George Korngold (b. Vienna, Austria, December 17, 1928; d. Los Angeles, California, November 25, 1987) was a prominent record producer as well as a music editor and producer active within the film industry. He was the younger son of Austrian composer Erich Wolfgang Korngold.
George's father first went to Hollywood in 1934 to work on the Max Reinhardt production of A Midsummer Night's Dream, and travelled to and from Vienna for the next several years. During this time, George remained in Vienna: it was not until 1938 and the family's decisive move from that city that George arrived in the United States with his parents.
Reports that George Korngold attended the Vienna Academy of Music are thus mysterious: at the time he left Vienna, he was not yet ten years old. However, since Erich Korngold taught at the Academy throughout the early 1930s, it is thought possible that the young boy was permitted to be present in classes.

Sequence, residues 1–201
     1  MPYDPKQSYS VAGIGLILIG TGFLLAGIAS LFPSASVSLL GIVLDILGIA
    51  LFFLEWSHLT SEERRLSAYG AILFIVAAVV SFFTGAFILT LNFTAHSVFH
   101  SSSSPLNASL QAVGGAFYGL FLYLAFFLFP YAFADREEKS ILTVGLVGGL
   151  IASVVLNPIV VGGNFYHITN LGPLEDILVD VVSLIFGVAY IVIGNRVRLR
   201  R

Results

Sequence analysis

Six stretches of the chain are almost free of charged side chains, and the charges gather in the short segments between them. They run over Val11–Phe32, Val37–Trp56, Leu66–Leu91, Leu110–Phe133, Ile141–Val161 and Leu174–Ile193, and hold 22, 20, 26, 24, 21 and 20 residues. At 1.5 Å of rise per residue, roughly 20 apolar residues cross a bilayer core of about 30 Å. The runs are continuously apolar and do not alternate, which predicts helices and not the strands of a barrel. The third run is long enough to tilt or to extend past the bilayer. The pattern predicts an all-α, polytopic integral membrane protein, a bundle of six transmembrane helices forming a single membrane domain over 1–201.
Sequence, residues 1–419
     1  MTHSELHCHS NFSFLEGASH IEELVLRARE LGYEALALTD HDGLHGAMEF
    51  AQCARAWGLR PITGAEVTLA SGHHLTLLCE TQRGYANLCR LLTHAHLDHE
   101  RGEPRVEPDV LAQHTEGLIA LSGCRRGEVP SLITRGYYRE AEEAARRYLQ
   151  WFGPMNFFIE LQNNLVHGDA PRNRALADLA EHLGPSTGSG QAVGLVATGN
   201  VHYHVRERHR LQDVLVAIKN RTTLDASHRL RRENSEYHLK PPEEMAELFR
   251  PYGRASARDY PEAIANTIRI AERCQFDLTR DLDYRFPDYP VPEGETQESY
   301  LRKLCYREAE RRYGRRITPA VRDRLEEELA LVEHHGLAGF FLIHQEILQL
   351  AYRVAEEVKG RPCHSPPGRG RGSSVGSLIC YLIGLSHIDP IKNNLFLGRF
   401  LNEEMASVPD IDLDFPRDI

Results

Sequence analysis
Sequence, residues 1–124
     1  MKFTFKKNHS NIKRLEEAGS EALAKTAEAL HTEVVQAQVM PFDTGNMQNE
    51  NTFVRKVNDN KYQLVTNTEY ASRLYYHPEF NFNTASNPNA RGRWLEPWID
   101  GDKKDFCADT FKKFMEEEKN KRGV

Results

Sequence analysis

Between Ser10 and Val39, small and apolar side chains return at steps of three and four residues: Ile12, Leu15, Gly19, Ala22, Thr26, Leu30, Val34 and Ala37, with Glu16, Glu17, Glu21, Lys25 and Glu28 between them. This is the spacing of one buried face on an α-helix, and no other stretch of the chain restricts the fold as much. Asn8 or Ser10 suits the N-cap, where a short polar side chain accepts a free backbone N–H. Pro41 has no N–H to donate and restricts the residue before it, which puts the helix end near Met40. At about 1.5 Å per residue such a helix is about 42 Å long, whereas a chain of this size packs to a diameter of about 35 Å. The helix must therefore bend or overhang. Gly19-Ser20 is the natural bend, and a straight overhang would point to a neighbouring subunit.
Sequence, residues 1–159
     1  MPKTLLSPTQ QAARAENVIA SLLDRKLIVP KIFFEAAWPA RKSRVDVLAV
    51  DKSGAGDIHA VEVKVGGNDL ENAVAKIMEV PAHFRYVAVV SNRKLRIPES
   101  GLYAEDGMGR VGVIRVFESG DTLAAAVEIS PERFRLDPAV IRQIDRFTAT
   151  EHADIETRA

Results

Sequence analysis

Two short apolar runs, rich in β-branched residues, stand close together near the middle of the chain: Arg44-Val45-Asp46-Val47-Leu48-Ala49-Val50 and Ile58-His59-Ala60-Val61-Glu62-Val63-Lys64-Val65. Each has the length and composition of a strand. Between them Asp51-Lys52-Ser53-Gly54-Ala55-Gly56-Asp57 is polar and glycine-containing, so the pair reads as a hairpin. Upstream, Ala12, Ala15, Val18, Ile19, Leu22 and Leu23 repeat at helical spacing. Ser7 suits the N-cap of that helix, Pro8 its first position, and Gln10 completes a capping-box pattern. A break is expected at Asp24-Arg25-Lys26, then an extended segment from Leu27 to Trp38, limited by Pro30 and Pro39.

As a record producer, George Korngold was much involved with film music, in the 1970s co-producing (with Charles Gerhardt) the 14-volume Classic Film Scores Series for RCA Records. He also produced a series of 'landmark' recordings of his father's works, including the operas Die tote Stadt (for RCA) and Violanta (for CBS) and a disc of the First and Third String Quartets (for RCA; played by the Chilingirian Quartet). In 1979, he produced one of the first digital audio recordings, for Chalfont Records; it was the first commercial release of his father's music for Kings Row, Charles Gerhardt conducting.
In Hollywood, George Korngold worked as a music editor on a number of high-profile films, including the big-budget The Fall of the Roman Empire (1964), Fedora (1978), The Fury (1978) and Outland (1981).
- Obituary for George Korngold in the New York Times (1987)
- George Korngold at the Internet Movie Database
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